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From Puppyhood to Graduation

Oct 30, 2017 01:30PM

Gallery: Raising Guide Dogs [5 Images] Click any image to expand.

The Rewarding and Challenging Work of Raising Guide Dogs

By Sabrina Marshall

There’s nothing more rewarding than seeing your hard work pay off. That feeling hasn’t changed for Karen Damianakes and her 18-year-old son, Joey, who raise guide dogs for the blind. From puppyhood to guide dog graduation, the Damianakes, as well as the dogs, put in a lot of work to get across that stage.

Working through the organization Guide Dogs for the Blind, Karen got started raising puppies through her sister-in-law, the leader of their chapter. The organization has groups across the United States and Canada that provide all services free of charge — including any vet visits, special training, and “Puppy Packs” upon starting. All funding comes from volunteers and donations, making their impact on the blind/low-vision community even more amazing. At first, Karen wasn’t sure it was the right fit for her. “For me, giving them up (after training) is the hardest.” But one day she felt ready and started with a yellow lab named Nordic. Even after a career change due to elbow dysplasia, Nordic continues serving Karen as another pet for the family. After raising Nordic, Joey and Karen took on co-raising another puppy, Pacifica, a black lab.

Pacifica brought all kinds of challenges for the Damianakes but in the best way. She was the first dog-in-training to be allowed onto College Park High School’s campus, shadowing Joey in order to expose her to more public settings. After Amanda Bielskis, who also raises guide dog puppies, brought up the idea of letting service dogs train at the school to no avail, the Damianakes got involved, with the two families helping one another plead their case. “We had all the paperwork,“ said Karen. “The two of us worked together with Joey through the district. We went to district meetings, made calls, sent emails (‘lots of emails,’ interjected Joey), LOTS of emails, and paperwork.” Finally, after 10 months of work, Pacifica and Joey were permitted on the campus as a “pilot project.” After the time in high school and with Joey and Karen’s continued training, Pacifica graduated as a breeder this year and was matched with a family. It was hard at first to let her go, but Karen knew how hard Guide Dogs works to match the personalities of the dogs with people. “They take weeks if not months to find the dog the perfect person to match up with. They called me about Pacifica and asked if I felt the family she is with now would be a good match for her,“ said Karen. Taking into account all of Pacifica’s experiences, she was matched with a loving custodial family. The Damianakes still keep in contact with Pacifica’s new family and even got to visit her recently.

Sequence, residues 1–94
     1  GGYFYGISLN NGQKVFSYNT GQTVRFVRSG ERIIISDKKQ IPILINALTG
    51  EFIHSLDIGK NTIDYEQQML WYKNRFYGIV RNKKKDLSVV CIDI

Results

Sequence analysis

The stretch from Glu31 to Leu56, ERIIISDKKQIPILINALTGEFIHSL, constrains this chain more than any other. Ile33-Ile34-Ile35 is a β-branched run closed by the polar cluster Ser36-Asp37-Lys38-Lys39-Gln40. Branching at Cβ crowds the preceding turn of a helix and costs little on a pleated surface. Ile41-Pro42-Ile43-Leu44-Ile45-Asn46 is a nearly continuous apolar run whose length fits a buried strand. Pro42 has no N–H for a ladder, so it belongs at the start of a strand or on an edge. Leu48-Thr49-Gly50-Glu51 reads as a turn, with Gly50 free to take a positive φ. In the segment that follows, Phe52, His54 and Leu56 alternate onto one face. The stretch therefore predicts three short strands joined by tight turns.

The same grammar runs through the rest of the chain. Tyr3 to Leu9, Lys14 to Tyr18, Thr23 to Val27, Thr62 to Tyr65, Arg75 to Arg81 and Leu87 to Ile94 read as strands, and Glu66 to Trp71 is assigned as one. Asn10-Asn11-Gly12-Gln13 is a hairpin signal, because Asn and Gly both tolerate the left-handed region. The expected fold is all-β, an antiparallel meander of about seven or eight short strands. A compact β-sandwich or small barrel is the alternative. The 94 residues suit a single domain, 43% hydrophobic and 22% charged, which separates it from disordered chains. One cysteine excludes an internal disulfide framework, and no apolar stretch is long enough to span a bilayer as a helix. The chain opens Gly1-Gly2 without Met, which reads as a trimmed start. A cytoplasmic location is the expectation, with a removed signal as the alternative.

With Pacifica paving the way for more guide dogs, Joey followed his mother into raising his own puppy, Heinz, a golden retriever lab cross.  Since training at College Park had worked out so well with Pacifica, not only is Heinz attending the current school year with Joey in addition to his other training, but Maddie and Olivia Bielskis are allowed to bring their dog-in-training, Harvard, as well. (Coincidently, Harvard is Heinz’s brother.)  “People know not to pet them now,” said Joey. “They know not to distract them or throw food at them. They know the dogs are working.”

 It was not a surprise to anyone in the family that Joey wanted his own puppy. “I’ve always been interested in animals; that’s what I want to get into. I’m going to go to school [to major] in animal sciences, zoology, anything that has to do with animals,” said Joey. “So, this was kind of an opportunity to work with them beforehand.” Even if he steps away from raising guide dogs while at school, he definitely sees it as something he’ll return to later, his mother remarked.

Regardless of the obstacles one has to overcome to accommodate raising a guide dog, Karen and Joey both agree it’s one of the most rewarding things they’ve done. At Pacifica’s graduation, they met with a visually impaired girl who would be matched with a guide dog. “She said she couldn’t be more thankful to not be using her cane anymore,” said Joey. “They get to do everything that they couldn’t do before.” Karen added, “And they have a partner with them, so they feel safer.” Joey concluded it best: “They get to make a best friend.”

In the end, the minor challenges Karen and Joey Damianakes face raising a pup are paralleled with an intense amount of pride, admiration, and love. With Joey’s continued interest in animals and Karen’s devotion, it’s clear a lot more successful guide dogs will come out of their care and be put into loving homes.

Today, Community Sabrina Marshall Guide Dogs for the Blind Damianakes

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